Fighting sturm und drang with improv

Sun Gods in the Shade:
An Evening of Sketch Comedy

Sun Gods: Robert Greene (left) and Matt Gifford in The Indicators’ “Clowns ... Oh My!,” one of the best of the 17 skits in “Sun Gods in the Shade.”

Sun Gods: Robert Greene (left) and Matt Gifford in The Indicators’ “Clowns … Oh My!,” one of the best of the 17 skits in “Sun Gods in the Shade.”

By The Indicators. Starring Erin Crites, James Cronin, Matt Gifford, Robert Greene, Mary Holt, James Issac, Candace Lawrence, Brandon Meeks, Neil Mulac and Ben Owens. Continues June 7-10 at 8 p.m. at U of L’s Thrust Theatre, 2314 S. Floyd St. For tickets or more info, call 852-8448 or visit

The 18th century German novelist and dramatist Johann von Goethe once said, “Thinking is easy, acting is difficult, and to put one’s thoughts into action is the most difficult thing in the world.”

During the 1950s, American thespians increasingly put their thoughts into action on stage, almost instantaneously, with the rise of improvisational theater. While it has its roots in commedia dell’arte, improv morphed into a postmodern animal with its rise in popularity, mostly in Chicago through the work of Viola Spolin and, later, her son Paul Sills, who helped found The Compass Players and The Second City. It used humor to depict the depravity of modern life. Rather than crying at the world, as did Goethe and his compatriots in the sturm und drang set, American improv laughed at the world.

The newest group in Louisville to take up this Chicago-launched legacy is The Indicators. Their aesthetic statement declares, “We hope to uncover a few of the complex oddities that make life beautiful, interesting and, most importantly, side-splittingly funny.” They put that mission on stage with 17 skits developed using improvisational techniques.

Their current show begins with an uneven skit, “The Founding Fathers,” written by artistic director James Cronin. The setting: a keg party hosted by Thomas Jefferson. It’s typical of a college party — peppered with lurid language that might burn any sailor’s ears and much passing around of ganja. Some jokes bordered on bad taste, particularly the comment about Jefferson’s hand roaming into the brownie jar. The skit’s only merit was that it boldly demonstrated that The Indicators are not afraid to be crass.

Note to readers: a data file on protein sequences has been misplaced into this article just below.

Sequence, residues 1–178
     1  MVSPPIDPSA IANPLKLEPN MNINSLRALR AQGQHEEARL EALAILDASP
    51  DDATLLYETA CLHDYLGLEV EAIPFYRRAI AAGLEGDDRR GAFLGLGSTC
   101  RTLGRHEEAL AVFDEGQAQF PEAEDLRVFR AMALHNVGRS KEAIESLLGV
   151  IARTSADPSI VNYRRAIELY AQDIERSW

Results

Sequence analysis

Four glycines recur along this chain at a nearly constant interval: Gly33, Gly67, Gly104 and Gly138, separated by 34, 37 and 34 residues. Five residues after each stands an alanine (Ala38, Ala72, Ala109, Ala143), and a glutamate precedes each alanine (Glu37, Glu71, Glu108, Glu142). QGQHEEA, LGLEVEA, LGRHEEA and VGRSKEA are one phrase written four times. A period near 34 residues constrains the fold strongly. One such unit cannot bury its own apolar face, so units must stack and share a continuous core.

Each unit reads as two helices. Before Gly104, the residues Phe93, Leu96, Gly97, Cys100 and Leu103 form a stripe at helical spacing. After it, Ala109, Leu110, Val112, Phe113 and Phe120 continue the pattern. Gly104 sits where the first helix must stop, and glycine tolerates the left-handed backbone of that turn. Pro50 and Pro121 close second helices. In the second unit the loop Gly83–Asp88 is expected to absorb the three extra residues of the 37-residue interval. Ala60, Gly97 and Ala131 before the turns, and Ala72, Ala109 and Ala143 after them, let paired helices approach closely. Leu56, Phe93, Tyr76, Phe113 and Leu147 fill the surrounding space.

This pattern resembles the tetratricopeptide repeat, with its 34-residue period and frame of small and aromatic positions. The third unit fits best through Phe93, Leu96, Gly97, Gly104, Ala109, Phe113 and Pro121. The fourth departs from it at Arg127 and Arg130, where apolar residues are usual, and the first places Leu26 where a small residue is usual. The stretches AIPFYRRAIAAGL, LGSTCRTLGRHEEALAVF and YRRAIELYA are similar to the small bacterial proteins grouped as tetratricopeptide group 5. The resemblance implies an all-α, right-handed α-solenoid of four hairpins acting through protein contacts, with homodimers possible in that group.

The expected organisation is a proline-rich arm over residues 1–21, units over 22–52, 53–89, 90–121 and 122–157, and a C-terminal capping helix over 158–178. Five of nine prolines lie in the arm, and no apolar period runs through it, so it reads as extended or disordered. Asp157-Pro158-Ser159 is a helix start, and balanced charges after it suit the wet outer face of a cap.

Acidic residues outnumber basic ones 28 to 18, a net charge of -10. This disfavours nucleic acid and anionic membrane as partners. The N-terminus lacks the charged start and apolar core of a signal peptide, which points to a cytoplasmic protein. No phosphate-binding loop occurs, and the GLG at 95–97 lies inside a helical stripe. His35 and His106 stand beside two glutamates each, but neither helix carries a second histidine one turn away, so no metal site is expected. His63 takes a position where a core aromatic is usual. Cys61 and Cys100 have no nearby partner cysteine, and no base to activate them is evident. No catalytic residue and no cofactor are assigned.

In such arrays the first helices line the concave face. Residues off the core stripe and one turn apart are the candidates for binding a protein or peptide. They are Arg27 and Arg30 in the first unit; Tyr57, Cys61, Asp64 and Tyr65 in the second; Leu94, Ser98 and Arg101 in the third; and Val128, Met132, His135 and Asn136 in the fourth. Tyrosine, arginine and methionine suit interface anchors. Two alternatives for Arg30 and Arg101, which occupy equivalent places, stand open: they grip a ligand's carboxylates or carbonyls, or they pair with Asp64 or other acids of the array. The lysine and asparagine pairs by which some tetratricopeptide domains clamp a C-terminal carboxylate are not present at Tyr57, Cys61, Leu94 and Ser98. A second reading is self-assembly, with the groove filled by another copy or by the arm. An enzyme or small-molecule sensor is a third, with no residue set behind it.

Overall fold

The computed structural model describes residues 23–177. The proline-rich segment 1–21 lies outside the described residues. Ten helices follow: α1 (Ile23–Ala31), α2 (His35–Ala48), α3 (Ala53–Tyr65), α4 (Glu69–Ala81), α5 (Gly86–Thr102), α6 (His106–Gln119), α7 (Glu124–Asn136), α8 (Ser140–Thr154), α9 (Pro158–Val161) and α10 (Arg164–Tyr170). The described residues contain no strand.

Brandon Meeks and Erin Crites were the evening’s stand-out performers. Meeks, as Dr. Quivers, had his mad doctor down to a science in “The Fratastic Four,” by Ben Owens and Lindsay Carter. As a leader of a teenage satanic cult in “Not Without My Satan,” which he also wrote, Meeks excelled in unveiling his character as a sniveling geeky kid. One of the highlights was how he could turn his whole face red, connoting the intense anger his satanic character struggled to stifle.

Like Meeks, Crites is chameleon-like in her acting. Her portrayal of a robbery victim in the superhero stint “Dateline: Hustleman,” by Robert Greene, saved the weak storyline. Her character’s bimbo voice could make Paris Hilton sound smart. But Crites also can be serious, as in the sketch “Big Kid,” by Matt Gifford.

The most creative and witty of the sketches were “Not Without My Satan” and “Sam Sam” (Meeks). They related more to the audience and could have slipped down into the land of “wah-wah-wah.” Ridiculing sexually-frustrated teens and GPS systems could have become comedic kitsch, but it didn’t.

Some of the other sketches were as sour as expired milk, notably “Batman,” by Neil Mulac. The catch phrase The Indicators use — “quit beating a dead horse” — could have crossed many minds because the running gag of Bruce Wayne as Batman stretched on too long. Also, some sketches had conflicting themes: “Dateline: Hustleman” played on African-American urban classification, while “Diversion Politician,” by James Cronin, and “Visitors,” by Gifford, exposed the ignorance of stereotyping.

The show ended on a high note with “Clowns … Oh My!,” by Owens. It turned the subject of writer’s block into a truly comical sketch. This showed the heart of improvisation — throwing clowns, Mayans and mimes together in a single skit, making the evening worth the time and the $7 ticket price.